Young children learn by touch, play, and close proximity, and there really is no effective way to socially distance children at this age. Additionally, one cannot expect a child to wear a mask for 8 hours a day (or more, if they are in before/aftercare). Wearing a mask is uncomfortable enough for adults; I can't even imagine how uncomfortable it will be for children, with the expectation that it must be worn for the entirety of the school day. For teachers, especially early childhood and primary (grades K-3rd) teachers, students learn sounds and phonics by watching the movement of our mouth and listening to the sounds we produce. How is any of that going to be possible if the sound of our voice is distorted by wearing the mask? How are children going to be able to see our mouths produce sounds unless the mask is see-through? Lastly, if we go with a hybrid model for instruction, we need to make sure students and families are able to access instruction virtually, with technology and access to the Internet, in case a renewed wave of COVID-19 hits and schools are forced to implement 100% virtual learning once again.

Quentin's Concerns are Backed Up by DATA...

PAVE partnered with The Flamboyan Foundation to ask 751 families about their preferences about returning to school, with 68% of participants residing in Ward 7 and 8. 

  • 27% of families preferred distance learning as opposed to in-school options. 
  • The top three most important factors for returning to school were:
    • Ensuring proper social distancing is in place (69%)
    • Access to technology (33%)
    • Maintaining their work schedule (33%)

In each and every focus group PAVE has hosted since COVID-19 about school reopening, parents echoed those feelings and added: 

  • Parents are struggling with the competing priorities of needing to go back to work and access to child care, wanting their children to get the best education and socialize with other kids, and keeping them safe.
  • Families with young children are even more hesitant to send their children back to school because it will be harder to enforce social distancing and keep them safe. 
  • Some parents were concerned about social distance/safety measures further traumatizing students, like masks (as Quentin mentioned), barriers, and fewer opportunities to freely play. 

Check out the full reports from PAVE’s school reopening and school schedule focus groups to learn more!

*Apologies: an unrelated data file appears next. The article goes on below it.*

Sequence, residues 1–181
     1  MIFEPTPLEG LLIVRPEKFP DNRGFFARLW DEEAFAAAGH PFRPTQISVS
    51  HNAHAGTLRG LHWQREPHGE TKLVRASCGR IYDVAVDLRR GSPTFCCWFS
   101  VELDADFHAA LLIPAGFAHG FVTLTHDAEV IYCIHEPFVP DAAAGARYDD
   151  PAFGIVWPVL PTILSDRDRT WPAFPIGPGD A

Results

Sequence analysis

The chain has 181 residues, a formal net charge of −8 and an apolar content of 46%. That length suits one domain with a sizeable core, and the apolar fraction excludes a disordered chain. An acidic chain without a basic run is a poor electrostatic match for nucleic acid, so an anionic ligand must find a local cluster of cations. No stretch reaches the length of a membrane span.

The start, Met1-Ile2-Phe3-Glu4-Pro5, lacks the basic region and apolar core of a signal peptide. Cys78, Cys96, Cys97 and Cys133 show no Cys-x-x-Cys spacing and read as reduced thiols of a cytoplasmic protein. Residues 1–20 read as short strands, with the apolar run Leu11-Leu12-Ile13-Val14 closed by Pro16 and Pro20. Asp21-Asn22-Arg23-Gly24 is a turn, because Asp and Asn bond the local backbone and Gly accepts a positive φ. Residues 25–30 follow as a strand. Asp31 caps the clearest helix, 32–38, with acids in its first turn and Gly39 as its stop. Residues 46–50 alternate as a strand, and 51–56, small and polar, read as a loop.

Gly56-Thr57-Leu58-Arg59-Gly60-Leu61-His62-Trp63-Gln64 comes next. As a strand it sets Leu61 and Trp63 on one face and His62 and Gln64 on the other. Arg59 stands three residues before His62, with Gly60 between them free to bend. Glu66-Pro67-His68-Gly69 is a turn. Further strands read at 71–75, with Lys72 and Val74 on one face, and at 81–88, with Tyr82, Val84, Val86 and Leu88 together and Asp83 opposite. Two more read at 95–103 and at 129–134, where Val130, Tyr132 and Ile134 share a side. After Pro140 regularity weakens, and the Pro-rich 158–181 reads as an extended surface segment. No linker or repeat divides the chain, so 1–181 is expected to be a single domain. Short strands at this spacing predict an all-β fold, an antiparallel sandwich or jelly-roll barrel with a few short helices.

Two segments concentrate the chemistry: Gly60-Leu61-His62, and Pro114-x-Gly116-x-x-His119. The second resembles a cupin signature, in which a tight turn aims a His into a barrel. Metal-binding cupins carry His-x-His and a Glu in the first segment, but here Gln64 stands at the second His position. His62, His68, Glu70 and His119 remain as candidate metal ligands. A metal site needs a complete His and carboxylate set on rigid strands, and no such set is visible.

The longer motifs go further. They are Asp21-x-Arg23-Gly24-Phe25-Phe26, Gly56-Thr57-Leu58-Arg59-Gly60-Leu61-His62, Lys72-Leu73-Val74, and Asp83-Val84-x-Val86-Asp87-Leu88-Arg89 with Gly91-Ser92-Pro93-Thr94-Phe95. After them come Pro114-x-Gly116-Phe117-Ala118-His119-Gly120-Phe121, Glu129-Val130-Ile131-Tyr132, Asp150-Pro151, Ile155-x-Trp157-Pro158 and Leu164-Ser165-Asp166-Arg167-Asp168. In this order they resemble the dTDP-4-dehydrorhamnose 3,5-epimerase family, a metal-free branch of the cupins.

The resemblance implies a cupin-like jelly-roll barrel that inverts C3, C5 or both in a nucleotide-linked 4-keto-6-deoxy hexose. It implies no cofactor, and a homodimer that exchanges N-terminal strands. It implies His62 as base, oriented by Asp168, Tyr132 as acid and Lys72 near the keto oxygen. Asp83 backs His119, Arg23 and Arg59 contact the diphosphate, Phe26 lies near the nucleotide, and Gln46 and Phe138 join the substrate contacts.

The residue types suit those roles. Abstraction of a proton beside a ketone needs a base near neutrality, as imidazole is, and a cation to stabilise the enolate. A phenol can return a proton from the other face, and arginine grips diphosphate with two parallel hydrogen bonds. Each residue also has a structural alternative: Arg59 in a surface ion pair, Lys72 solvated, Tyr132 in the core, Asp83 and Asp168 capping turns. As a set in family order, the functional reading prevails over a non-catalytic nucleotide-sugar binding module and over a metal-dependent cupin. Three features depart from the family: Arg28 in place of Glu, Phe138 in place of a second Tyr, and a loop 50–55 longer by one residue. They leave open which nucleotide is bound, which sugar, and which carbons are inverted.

Yesenia Medrano

Ward 7 Parent Leader, Miembro de la Mesa Directiva de Padres Latinos

Mi familia a sido muy afectada durante toda esta pandemia de una manera que nunca pensé. Al principio, pensamos que todo iba ser rápido, después de un mes nos empezamos a preocupar, porque no teníamos para la renta, o la comida y todas las 5 personas que vivíamos en mi casa perdimos nuestros empleos. Todos los ahorros se nos acabaron y después de cuatro meses no sabíamos qué hacer. No teníamos trabajo, no teníamos dinero, y algunas de nuestras familias se empezaron a enfermar del virus. Y después todos en mi familia nos enfermamos del virus, hasta el punto que perdimos a mi cuando, murió debido al (COVID-19) y todos en la familia nos deprimimos mucho, y no solo era la parte económica sino también nuestras vidas estaban en peligro. Yo no podía tener a mi hijo conmigo por miedo a que él se enfermara. Los restaurantes que en los que trabajamos con mi familia cerraron del todo y conseguir trabajo en este momento es muy difícil. Pero en medio de esta situación la ayuda de PAVE ha sido una gran bendición porque no hemos recibido ayuda de nadie ni de la ciudad por nuestra situación migratoria, solo de la organización PAVE con comida, dinero, y apoyo psicológico y emocional nos a brindado su apoyo. Para mi PAVE es lo mejor que me a pasado porque gracias a PAVE yo e podido comer, bañarme, y conozco mis derechos y me siento valorada con familia. PAVE es un soporte grande para mi familia. Nuestra familia necesita un empleo, pero los restaurantes están aprovechando de los empleados porque donde buscamos están rebajando el sueldo todos los empleadores están aprovechando los empleados porque conocen la necesidad de ellos. También, donde buscamos empleo nos exigen la prueba del (COVID-19) pero a los hospitales que vamos hacernos las pruebas no nos permiten hacernos las pruebas, entonces no podemos solicitar trabajo. Por ahora no se que va a pasar con mi familia, pero sabemos que contamos con PAVE que nunca nos a dejado solos durante esta pandemia.

Mi mayor preocupación es el riesgo de infección a lo que van a estar expuestos los niños y las familias, porque los niños son muy inocentes y no saben cómo mantener distancia. Sabemos que los niños van a querer abrazar a otros niños o sus maestras. Mi niño está traumatizado y llora muchisimo, en las noches se despierta a llorar y se que necesita un psicólogo porque esta situación lo está matando. Yo no soportaría que mi hijo se enfermara con este virus porque yo lo he protegido mucho durante este tiempo y no puedo pensar que solo por volver a la escuela el se me enfermara. Yo se que es estar con ese virus y es muy duro la recuperación, y algunas personas como mi cuñado no sobreviven. Por esta razón yo le pido a DCPS que piense en las familias y en su salud primero que todo a la hora de pensar en reabrir. Yo quiero que él vuelva a la escuela a socializar pero se que el no esta preparado y yo tampoco. Yo se que estar en casa y recibir clases virtuales no es lo mismo que estar en persona, pero es la mejor solución hasta que esta pandemia pasa. Yo quiero regresar a la escuela cuando todo vuelva a la normalidad. Pienso que todos los días las escuelas deben desinfectar y las maestras tienen que tener unas reglas de interacción y tratamientos en caso de contagio.